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UC Berkeley (Economics)
Loyol Law School (J.D.)
I am a lawyer in the East Bay who loves playing games. Games are fun and can provide a strategic advantage in all walks of life.
I believe one of the most difficult games of all time is chess. This is also what makes it the most fascinating. It provides lessons for life that I still use today. The game challenges your short and long term planning, time management and ability to think on your feet.
I have tutored elementary and middle school students from foreign countries in Math, Science, Spelling and Vocabulary in the past and nothing was more heartwarming or rewarding than seeing those kids improve and smile with their new found confidence. I hope you give me the opportunity to teach them a game I love.
High School Chess Champion; Still follows game today. I believe the lessons I learned in chess still help me today as a lawyer.
Available Evenings and Weekends after work. I am a lawyer in the East Bay who loves playing games. Games are fun and can provide a strategic advantage in all walks of life.
I believe one of the most difficult games of all time is chess. This is also what makes it the most fascinating. It provides lessons for life that I
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Chess is not a school subject, but it's been a lifetime hobby of mine. I've owned and read more than 50 different books on rules, theory, history and analysis of chess. In High School, I won the High School Chess Championship during my Sophomore Year. As a lawyer, I still use methods of thinking from chess in my everyday life.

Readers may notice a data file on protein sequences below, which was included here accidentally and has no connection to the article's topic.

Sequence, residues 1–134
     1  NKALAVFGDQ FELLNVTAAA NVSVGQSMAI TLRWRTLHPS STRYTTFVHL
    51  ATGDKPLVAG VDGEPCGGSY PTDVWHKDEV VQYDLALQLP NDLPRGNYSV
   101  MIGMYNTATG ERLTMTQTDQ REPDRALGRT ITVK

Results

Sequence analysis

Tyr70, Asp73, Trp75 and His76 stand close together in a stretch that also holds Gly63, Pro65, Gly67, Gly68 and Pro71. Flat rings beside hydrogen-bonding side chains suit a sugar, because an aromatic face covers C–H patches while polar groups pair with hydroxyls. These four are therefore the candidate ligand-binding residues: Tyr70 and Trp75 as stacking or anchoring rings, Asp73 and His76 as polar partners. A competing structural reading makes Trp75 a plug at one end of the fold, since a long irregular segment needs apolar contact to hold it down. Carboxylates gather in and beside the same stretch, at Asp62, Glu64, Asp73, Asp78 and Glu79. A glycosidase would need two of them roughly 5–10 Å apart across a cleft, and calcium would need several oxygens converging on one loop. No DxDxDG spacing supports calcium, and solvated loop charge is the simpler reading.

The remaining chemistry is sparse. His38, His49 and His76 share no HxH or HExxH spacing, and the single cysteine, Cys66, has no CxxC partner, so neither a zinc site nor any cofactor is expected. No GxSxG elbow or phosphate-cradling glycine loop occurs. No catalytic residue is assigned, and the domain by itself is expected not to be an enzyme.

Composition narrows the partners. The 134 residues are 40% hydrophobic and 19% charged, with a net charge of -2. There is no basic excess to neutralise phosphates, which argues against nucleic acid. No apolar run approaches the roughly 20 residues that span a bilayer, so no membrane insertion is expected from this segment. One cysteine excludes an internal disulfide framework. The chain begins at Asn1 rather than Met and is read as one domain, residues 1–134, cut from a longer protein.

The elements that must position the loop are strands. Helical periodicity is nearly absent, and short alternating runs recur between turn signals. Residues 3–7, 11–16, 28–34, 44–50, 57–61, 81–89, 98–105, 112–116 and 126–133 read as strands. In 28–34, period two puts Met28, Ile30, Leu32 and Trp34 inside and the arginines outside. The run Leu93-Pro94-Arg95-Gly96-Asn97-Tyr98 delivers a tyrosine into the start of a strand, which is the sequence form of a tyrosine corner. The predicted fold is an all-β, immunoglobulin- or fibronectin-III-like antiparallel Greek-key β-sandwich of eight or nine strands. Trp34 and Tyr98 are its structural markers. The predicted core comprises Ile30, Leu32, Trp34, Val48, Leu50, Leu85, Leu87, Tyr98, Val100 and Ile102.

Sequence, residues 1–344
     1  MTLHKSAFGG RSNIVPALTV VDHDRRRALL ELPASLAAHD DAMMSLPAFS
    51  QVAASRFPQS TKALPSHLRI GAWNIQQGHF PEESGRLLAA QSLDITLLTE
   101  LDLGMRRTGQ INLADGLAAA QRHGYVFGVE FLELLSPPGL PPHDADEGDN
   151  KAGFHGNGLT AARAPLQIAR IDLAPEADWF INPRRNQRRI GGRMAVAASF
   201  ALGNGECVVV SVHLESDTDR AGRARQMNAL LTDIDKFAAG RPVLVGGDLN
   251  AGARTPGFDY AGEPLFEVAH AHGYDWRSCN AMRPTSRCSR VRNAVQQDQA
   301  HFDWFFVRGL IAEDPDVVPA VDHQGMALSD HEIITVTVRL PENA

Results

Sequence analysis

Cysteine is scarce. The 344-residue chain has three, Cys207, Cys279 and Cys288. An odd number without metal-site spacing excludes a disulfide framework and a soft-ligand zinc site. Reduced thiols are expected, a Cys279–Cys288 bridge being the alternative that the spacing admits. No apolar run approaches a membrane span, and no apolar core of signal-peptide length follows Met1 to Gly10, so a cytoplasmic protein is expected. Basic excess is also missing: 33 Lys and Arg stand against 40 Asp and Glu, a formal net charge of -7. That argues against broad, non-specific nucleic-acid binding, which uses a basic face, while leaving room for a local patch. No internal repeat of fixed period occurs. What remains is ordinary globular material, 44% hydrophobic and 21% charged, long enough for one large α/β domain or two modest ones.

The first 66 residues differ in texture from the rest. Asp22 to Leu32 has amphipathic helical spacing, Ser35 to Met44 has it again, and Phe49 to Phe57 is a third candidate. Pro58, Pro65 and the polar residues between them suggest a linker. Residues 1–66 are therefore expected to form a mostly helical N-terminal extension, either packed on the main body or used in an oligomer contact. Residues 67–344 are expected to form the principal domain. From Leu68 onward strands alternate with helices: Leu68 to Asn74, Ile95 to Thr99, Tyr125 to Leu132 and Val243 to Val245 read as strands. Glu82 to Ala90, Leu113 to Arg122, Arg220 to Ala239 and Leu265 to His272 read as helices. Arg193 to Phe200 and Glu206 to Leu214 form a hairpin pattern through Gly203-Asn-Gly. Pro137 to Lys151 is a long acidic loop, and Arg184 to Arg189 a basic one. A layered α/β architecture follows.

I have taught several kids and friends how to play the game and still play online today. Here is my basic teaching strategy and lesson plan from basic to advanced: 1. How to set up the board 2.Rules of the game: How pieces move 3. How best to use and move the pieces-Pawn Structure and Spacing Concepts 4. Chess Openings- Which openings are the most popular and the strategic reasons behind them 5. Chess Middlegame- A)How to think for yourself once your memorized moves have been exhausted B) how to look at your opponent's position to anticipate their plan of action C) how to look at your position and decide what is your best plan of action 6. Chess endgame- How to handle different types of endings A)Rook and Pawn endings B)Minor Piece endings C)Endings with all pawns. 7. Checkmate Patterns- How to practice a series of moves to checkmate your opponents 8) Homework Problem Solving- I have various puzzles that I can give for them to work on their game at home and much more depending on how deep they want to learn.